Diffuse and Organized Gut Associated Lymphoid Tissue

The gut-associated lymphoid tissue (GALT) represents the largest component of the common mucosal immune system and functions to control intestinal infections. It consists of a diffuse lymphoid compartment containing large populations of lymphocytes and antigen-presenting cells (e.g., macrophages, dendritic cells) in the intestinal lamina propria and Peyer's patches, which are organized lymphoid follicles covered by a single layer of specialized epithelial cells (i.e., M cells). Studies of germ-free and gnotobiotic rodents have shown that microflora play a role in the development of the GALT (Bauer et al. 2006). As the inductive site for mucosal immunity, Peyer's patches play a critical role in sampling of luminal contents and initiating adaptive immune responses towards potentially harmful microorganisms and antigenic materials (Mowat 2003). This includes the generation of immunoglobulin A (IgA)-producing lymphoblasts. These cells mature in the system circulation and then traffic as plasma cells to mucosal effector sites in the gut lamina propria. Neurons and nerve fibers exist in close proximity to lamina propria leukocytes, including mast cells (Wood 2007) and lymphocytes (Downing and Miyan 2000).

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Fig. 5.1 Functional classes of enteric neurons and their major projections to the mucosa, submu-cosal neurons, and smooth muscle coats in the intestinal wall of a large mammal, such as a pig. Note that the mucosa receives both afferent and efferent innervation. CM circular muscle; IPAN intrinsic primary afferent neuron; ISMP and OSMP inner and outer submucosal plexuses; LM longitudinal muscle; MP myenteric plexus; MUC mucosa (from Linden and Farrugia 2008)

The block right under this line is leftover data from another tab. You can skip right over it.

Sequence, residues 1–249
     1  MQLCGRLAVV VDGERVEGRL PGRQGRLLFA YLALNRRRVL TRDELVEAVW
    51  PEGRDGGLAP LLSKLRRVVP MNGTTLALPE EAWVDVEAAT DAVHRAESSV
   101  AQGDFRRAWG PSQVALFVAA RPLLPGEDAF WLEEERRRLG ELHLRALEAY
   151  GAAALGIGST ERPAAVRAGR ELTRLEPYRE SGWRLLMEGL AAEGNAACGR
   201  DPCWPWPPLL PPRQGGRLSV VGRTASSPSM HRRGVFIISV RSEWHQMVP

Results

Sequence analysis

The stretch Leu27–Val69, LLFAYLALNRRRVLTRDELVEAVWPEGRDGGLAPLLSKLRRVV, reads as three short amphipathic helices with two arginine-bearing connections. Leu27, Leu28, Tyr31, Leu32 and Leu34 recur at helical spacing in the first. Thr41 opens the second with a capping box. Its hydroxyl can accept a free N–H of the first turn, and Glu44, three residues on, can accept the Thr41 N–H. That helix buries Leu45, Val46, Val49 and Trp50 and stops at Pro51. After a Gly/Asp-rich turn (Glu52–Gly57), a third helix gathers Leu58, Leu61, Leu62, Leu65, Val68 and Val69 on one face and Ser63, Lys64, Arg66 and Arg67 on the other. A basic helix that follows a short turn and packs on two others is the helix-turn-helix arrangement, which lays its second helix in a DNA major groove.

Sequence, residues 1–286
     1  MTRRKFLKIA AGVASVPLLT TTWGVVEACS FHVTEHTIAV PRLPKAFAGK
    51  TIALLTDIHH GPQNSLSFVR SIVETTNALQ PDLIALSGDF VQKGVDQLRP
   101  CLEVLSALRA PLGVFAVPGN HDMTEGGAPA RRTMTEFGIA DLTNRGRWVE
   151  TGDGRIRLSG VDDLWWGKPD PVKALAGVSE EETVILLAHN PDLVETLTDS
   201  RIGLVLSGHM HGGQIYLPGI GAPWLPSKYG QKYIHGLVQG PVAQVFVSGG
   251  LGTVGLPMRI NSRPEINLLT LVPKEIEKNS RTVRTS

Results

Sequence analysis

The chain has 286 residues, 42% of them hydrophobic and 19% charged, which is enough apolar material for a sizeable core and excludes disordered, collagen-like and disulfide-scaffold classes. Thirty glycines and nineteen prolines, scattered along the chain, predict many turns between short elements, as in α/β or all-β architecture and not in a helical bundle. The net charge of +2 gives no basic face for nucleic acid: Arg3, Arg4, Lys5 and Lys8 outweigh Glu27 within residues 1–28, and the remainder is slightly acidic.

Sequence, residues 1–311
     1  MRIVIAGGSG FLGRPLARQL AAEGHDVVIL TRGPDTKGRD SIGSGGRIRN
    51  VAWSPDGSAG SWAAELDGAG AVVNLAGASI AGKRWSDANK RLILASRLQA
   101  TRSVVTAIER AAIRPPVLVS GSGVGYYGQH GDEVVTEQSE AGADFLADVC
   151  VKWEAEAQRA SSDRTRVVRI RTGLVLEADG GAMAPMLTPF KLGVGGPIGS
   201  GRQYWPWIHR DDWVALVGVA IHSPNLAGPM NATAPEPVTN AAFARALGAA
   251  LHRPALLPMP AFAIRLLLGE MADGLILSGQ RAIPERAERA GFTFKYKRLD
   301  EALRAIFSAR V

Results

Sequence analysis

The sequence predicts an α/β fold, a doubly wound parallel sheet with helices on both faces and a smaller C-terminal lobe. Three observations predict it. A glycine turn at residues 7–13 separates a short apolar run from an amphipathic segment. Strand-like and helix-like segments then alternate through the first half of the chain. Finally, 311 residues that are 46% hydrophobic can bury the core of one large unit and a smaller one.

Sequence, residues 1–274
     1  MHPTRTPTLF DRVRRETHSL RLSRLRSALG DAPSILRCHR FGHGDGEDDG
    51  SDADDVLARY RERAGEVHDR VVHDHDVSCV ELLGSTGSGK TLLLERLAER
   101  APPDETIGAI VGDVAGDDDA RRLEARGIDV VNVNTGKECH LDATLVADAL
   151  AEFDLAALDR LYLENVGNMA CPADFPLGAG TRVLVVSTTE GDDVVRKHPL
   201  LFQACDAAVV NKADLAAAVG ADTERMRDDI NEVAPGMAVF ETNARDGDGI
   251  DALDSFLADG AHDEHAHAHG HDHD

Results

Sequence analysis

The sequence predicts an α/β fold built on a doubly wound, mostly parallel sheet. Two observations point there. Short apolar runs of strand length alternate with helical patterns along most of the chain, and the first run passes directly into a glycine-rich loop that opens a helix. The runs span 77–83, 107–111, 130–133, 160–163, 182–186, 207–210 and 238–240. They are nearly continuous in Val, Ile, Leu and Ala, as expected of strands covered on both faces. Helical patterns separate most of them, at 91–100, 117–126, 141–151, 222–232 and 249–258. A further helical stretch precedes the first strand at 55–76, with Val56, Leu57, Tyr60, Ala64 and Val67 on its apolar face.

Fig. 5.1 Functional classes of enteric neurons and their major projections to the mucosa, submu-cosal neurons, and smooth muscle coats in the intestinal wall of a large mammal, such as a pig. Note that the mucosa receives both afferent and efferent innervation. CM circular muscle; IPAN intrinsic primary afferent neuron; ISMP and OSMP inner and outer submucosal plexuses; LM longitudinal muscle; MP myenteric plexus; MUC mucosa (from Linden and Farrugia 2008)

Peyer's patches are highly innervated (Defaweux et al. 2005; Vulchanova et al. 2007; Chiocchetti et al. 2008). Antigen-specific secretory IgA synthesized in these plasma cells is the major immunoglobulin secreted onto mucosal surfaces and plays an important role in mucosal protection; furthermore, constitutively produced secretory IgA is thought to regulate the gut microfloral population (Suzuki et al. 2007; Macpherson and Slack 2007). In addition to their important immunological role, Peyer's patches are exploited as portals of entry into the body for several species of enteropathogenic bacteria (Clark and Jepson 2003).

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